Are you thinking: This is not the America I know? We have always been getting better? The Obama years were all grace and beauty? If you are someone who—in earnest—thought about Clinton’s experience in government as anything other than part of all that the immiseration above? Then it is you who are in a bubble. Put down your screeds about rural whites or minority turn out. There is more than one kind of class politics; class does not always mean “working class” and race is also sometimes class. If you were under the strange impression that life has been getting better for the past 40 years, you must understand that neoliberalism—in all its already existing racist glory, with its vicious class warfare against the poor and working class—was working for you. It is your class politics; it is your race politics. And those politics—barely sputtering through the Obama years—have finally crashed. …
Every liberal commentator and political actor must understand that even the slightest inch given to Trump helps legitimize and normalize not only him but the acts that will come in his name, just as their feckless collaboration with George W. Bush in the Iraq War and Obama’s drone campaigns and deportations made those gross crimes part of “acceptable” everyday life. Instead, even ideologically committed liberals should hope for something that they can barely seem to stomach: a true Left. The time is now.
And Katherine Franke takes up the work of critiquing liberals and liberalism in her scorchingly on point rebuttal to Mark Lilla, Making White Supremacy Respectable. Again, for the Los Angeles Review of Books Blog:
Let me be blunt: this kind of liberalism is a liberalism of white supremacy. It is a liberalism that regards the efforts of people of color and women to call out forms of power that sustain white supremacy and patriarchy as a distraction. It is a liberalism that figures the lives and interests of white men as the neutral, unmarked terrain around which a politics of “common interest” can and should be built. And it is a liberalism that regards the protests of people of color and women as a complaint or a feeling, ignoring the facts upon which those protests are based — facts about real dead, tortured, raped, and starved bodies. The liberalism Lilla espouses reduces these facts of human suffering and the systems of power that produce that suffering as beside the point. What matters are liberal values and the idea of America as a “shining city on a hill” that deserves our allegiance, not our protest. The ways that racial inequality has been baked into liberalism through the structural disadvantage of black people found in the GI Bill, discriminatory lending policies, redlining, inferior education for people of color, and — oh right — the refusal to provide reparations to formerly enslaved people, are just glitches and not actual features of the splendors of liberal governance for the likes of Lilla.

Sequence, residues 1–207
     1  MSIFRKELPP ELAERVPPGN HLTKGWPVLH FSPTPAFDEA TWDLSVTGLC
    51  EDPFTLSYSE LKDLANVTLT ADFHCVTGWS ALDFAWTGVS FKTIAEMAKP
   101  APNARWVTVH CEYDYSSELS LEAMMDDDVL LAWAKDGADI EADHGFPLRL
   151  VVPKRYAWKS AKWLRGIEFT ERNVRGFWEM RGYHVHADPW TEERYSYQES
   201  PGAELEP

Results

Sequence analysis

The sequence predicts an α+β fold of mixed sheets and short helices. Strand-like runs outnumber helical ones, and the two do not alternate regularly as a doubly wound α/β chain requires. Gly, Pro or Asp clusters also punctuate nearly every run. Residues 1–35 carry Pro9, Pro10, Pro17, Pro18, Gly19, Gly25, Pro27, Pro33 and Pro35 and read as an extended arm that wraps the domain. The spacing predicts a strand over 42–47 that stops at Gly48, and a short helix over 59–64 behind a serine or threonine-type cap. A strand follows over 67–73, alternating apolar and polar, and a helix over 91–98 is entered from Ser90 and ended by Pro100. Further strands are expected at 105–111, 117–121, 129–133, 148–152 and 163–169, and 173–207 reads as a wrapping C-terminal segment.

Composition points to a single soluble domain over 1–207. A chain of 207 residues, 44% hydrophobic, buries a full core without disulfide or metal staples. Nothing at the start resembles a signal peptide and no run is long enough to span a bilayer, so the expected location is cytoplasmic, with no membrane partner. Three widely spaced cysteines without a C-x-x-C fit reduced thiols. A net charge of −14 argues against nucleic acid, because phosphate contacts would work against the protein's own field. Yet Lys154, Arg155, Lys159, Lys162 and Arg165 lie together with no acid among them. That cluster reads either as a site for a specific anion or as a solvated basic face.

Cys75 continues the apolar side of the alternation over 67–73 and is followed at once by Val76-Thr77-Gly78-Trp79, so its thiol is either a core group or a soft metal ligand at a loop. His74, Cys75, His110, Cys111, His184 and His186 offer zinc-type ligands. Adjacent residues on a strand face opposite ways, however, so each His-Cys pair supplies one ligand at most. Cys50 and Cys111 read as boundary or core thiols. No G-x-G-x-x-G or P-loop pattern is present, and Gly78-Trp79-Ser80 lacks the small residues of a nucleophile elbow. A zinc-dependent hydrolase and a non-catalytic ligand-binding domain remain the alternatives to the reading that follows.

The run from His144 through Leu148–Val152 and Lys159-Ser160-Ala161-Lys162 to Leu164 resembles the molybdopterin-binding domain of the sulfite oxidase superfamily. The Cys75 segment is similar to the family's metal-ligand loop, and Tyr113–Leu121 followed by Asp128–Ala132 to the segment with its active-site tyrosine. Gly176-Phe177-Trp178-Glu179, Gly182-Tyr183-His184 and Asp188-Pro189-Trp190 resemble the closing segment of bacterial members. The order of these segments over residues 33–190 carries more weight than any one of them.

And they don’t come any sharper or smarter than Kathryn Lofton who wrote:
Trumping Reality for The Immanent Frame:
Power is a discourse, and Trump wields it like the boss of bosses, like the infant Jesus, like you if you get to be unhinged from the rules of engagement. In the wake of Trump’s candidacy, we could do better in examining accounts of this unhinged authority—however fantastical, however absurd—to understand the story of his ascent rather than to obsess about supporters’ self-delusion. We might also reflect on the strange circulation of strange ideas. If the history of religions teaches us anything, it is that a dose of absurdity does nothing to diminish the potency of a call to power. If anything, it is the missing ingredient, the yeast of effervescence.
And Understanding is Dangerous for The Point Mag:
To be a scholar of religion is to participate in a hermeneutics of the incomprehensible. That isn’t exactly right: what scholars of religion do is account for why groups of people consistently agree to things that other people think are incomprehensible, irrational, even senseless. Images illegible relative to contemporary notions of geometry or perspective; abstractions so abstract they twist the brain; doctrines so specific they seem impracticable; myths so fantastic they seem extraterrestrial. Through documentary engagement, linguistic specificity, historical and sociological and economic analysis—scholars of religion make those things legible as human products of human need.
It is therefore unsurprising that I, a scholar of religion, am invested in an account of Trump that renders his absurdity less so.
We also wanted to share two critiques from within the world of religious studies. The American Academy of Religion, the main scholarly association for academics of religion in the humanities, met last month for its annual meeting. The Revealer was there, hosting a panel on Writing Religion Online (video forthcoming). The theme this year was “Revolutionary Love.” Two scholars we respect published responses to the conference in the Bulletin of the Study of Religion (which had hosted a year-long forum on the theme, all of which is worth checking out).